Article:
No matter what stage of your career you’re in, internships, fellowships, or job shadowing might lead to a potential future opportunity. Many companies have summer internships or educational programs designed to give participants a well-rounded look at the roles and responsibilities within a field. Sometimes, internship work can be limited to applicants who are current or recent students. If this isn’t where you’re at, look for fellowships or immersive summer programs that have open applications for people at all stages of their careers. If you can’t find anything in the field you’re looking for, reach out to a mentor or someone in your network and ask if they know of any summer job shadowing opportunities. While this might not always produce results, putting yourself out there in a professional way is key to amplifying your options.

3. Apply for seasonal summer roles

There are many jobs out there that only hire and take place during the summer. (Cut to every movie you’ve ever seen that revolves around a summer camp.) While you may not have the desire to be a camp counselor for the summer, there are plenty of other opportunities to seek out during the warmer months. Be sure to check out job listings for local summer festivals, community programs, sports leagues, and outdoor activities. While the job you get in the summer may not be exactly what you’re looking for in the long run, what you will gain is new connections in your community. It’s highly likely that you’ll meet other people in the same job market and gain their support as you continue in your search.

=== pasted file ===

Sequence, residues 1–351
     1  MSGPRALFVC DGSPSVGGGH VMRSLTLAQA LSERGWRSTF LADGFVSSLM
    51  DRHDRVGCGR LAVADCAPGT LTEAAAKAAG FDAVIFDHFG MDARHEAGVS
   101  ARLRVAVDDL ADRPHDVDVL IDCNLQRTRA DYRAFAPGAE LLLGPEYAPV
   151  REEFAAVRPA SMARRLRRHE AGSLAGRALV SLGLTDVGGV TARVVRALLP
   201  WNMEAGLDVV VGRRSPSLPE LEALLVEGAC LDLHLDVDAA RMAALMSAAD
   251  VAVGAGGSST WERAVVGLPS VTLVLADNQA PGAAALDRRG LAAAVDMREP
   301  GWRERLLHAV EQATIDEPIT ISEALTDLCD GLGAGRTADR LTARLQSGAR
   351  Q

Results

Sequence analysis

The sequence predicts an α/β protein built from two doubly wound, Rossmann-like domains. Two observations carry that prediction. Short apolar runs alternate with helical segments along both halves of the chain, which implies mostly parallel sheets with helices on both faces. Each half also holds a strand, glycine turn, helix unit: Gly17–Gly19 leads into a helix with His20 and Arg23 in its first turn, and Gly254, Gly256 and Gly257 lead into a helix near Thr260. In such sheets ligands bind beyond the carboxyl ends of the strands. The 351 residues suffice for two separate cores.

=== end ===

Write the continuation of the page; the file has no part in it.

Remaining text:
4. Go to summer events and meet new people

Networking doesn’t always have to mean talking to someone about your goals and job skills. In fact, the best networking is when you make a genuine connection to someone in a common environment. If you’re really interested in a certain subject, artist, or field, check out the local events in your area. Some specific things to search for are: free job fairs, speaking engagements by professionals you admire, book readings or signings, or arts festivals. Many of these events have accompanying mixers that help attendees connect with other people who have the same interests. It’s a great way to grow your network and potentially learn something new in the process.

5. Meet up with former coworkers for a picnic